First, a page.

A threat to Maryland’s environment

The oil and gas industry wants to start drilling—known as “fracking”—in Maryland as soon as possible. Yet for years, they’ve left a trail of damage to the environment and public health right next door in Pennsylvania.

Gas drilling is risky and dangerous

In Pennsylvania, we’ve seen drinking water contaminated, waste spilled into rivers and streams, forests trampled by drilling rigs and trucks, and air pollution levels spiking near drilling sites.

Fracking in Pennsylvania has generated 1.3 billion gallons of wastewater that is loaded with toxic chemicals, corrosive salts, and sometimes even radioactive particles. We cannot risk our beloved rivers, streams, forests and fields to fracking.

Now, with a new proposed Liquified Fracked Gas Facility in Cove Point, Maryland faces the massive threat of pollution to our air and our precious water. If built, this facility would incentivize drilling to begin in our own state, create community-disrupting pipelines, and release global warming emissions during a time when Maryland is working to decrease our contribution to greenhouse gas pollution.

A track record of damage and pollution

Fracking companies say “trust us.” Yet next door in Pennsylvania, drilling companies have committed thousands of violations of environmental laws in the past few years alone. We can’t let Maryland’s environment see these kinds of effects:

  • Drinking water advisories each year for more than 325,000 residents near Pittsburgh; and
  • Explosions and accidents that have put local families and workers at risk.

Together, we can keep Maryland safe from drilling

Drilling in Maryland would threaten our clean water, clean air, and treasured places. So Environment Maryland is mobilizing concerned residents from across the state to keep us protected from dirty and dangerous gas drilling. Powerful lobbyists for the gas industry will fight us tooth and nail. But with your support, we can win real results to keep Maryland’s people and treasured natural places safe from drilling. 

Issue updates

Blog Post

Progress Report: President Biden’s First 100 Days | Lisa Frank

Our new progress report finds that despite the need to rebuild many federal agencies and tackle the COVID-19 crisis, the Biden administration has already taken numerous steps to restore environmental protections.

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Blog Post

Our decades-long campaign to defend the Arctic National Wildlife Refuge is not over | Steve Blackledge

The Trump administration announced Monday that it will begin oil leasing in the Arctic National Wildlife Refuge. We've been working for decades to protect this 19 million acre wilderness, and we're not giving up now.

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News Release | Environment America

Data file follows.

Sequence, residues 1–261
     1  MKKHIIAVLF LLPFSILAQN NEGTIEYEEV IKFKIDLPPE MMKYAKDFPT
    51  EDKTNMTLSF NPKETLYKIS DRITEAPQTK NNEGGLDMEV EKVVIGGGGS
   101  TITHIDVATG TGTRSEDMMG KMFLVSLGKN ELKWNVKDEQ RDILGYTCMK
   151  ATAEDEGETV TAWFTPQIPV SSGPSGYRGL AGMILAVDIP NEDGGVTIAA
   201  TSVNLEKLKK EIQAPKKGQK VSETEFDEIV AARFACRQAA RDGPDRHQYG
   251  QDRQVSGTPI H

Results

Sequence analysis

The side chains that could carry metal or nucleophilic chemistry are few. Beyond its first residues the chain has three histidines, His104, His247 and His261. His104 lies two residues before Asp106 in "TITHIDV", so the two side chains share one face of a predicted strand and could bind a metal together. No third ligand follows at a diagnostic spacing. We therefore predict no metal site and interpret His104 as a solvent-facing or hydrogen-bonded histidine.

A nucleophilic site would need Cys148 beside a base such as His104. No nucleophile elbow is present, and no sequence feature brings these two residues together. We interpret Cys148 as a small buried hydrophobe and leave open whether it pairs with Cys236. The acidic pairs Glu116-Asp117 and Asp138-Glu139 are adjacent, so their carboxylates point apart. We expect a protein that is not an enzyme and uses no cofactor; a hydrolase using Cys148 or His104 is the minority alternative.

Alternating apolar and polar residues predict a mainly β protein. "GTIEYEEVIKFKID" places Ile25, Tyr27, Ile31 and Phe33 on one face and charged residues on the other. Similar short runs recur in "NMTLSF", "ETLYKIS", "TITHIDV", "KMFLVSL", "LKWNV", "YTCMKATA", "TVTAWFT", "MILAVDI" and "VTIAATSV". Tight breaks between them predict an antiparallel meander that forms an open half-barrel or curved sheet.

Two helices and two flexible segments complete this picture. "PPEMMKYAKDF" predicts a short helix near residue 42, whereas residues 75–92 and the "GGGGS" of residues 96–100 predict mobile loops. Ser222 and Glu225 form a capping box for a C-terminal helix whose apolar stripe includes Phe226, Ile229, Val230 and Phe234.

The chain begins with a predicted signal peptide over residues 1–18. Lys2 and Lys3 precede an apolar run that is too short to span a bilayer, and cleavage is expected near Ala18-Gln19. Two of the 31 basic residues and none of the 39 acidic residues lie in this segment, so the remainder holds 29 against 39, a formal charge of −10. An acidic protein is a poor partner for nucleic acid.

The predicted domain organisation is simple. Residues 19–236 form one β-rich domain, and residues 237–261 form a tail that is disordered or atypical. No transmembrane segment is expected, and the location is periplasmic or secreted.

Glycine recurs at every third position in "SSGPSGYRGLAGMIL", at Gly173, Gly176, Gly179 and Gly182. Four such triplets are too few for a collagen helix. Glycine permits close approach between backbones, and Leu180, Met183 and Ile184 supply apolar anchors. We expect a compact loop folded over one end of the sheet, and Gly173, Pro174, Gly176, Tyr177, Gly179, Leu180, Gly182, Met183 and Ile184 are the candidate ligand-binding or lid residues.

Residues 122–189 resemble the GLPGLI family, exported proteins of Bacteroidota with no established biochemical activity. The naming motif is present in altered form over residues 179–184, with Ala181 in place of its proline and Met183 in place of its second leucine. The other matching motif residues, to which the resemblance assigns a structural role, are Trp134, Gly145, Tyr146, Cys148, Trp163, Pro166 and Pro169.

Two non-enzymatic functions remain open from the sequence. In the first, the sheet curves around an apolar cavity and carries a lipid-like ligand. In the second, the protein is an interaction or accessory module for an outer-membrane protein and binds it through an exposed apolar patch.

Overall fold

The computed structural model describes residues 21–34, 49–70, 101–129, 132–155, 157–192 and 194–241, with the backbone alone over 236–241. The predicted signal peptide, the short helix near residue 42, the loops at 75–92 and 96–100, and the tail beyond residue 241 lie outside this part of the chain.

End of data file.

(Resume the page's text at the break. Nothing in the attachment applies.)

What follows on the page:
Statement: House advances greenest budget in recent memory

The House Appropriations Committee approved funding for a number of important environmental programs Friday as part of the FY21 funding bill for the Environmental Protection Agency (EPA) and Department of the Interior (DOI). Most notably, the budget dedicates emergency funding for many of the infrastructure proposals in the Moving Forward Act (H.R.2), including $10.2 billion for the Clean Water and Drinking Water State Revolving Funds. Additionally, the bill blocks the administration’s attempts to: open the Tongass National Forest to logging; drill for oil in the Arctic Refuge; expand offshore drilling; weaken protections on toxic mercury and arsenic emissions; and open the Boundary Waters to toxic pollution from sulfide mining.

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Report | Environment Maryland Research and Policy Center

Offshore Drilling, Onshore Damage

The environmental dangers posed by offshore oil spills, such as the 2010 Deepwater Horizon spill in the Gulf of Mexico, are well known. The damage to the environment, communities and public health from the onshore infrastructure needed to support offshore drilling is less well known, but no less real.

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News Release | Environment America

Bernhardt announces an indefinite delay to the administration’s unpopular offshore drilling expansion

"It’s a good day in America when the administration announces it will delay plans to massively expand offshore oil drilling. This is welcome news because, while the delay may stem more from the court ruling, it's a decision that makes even more sense based on the fact that expanding offshore drilling in 2019 is wildly unpopular."

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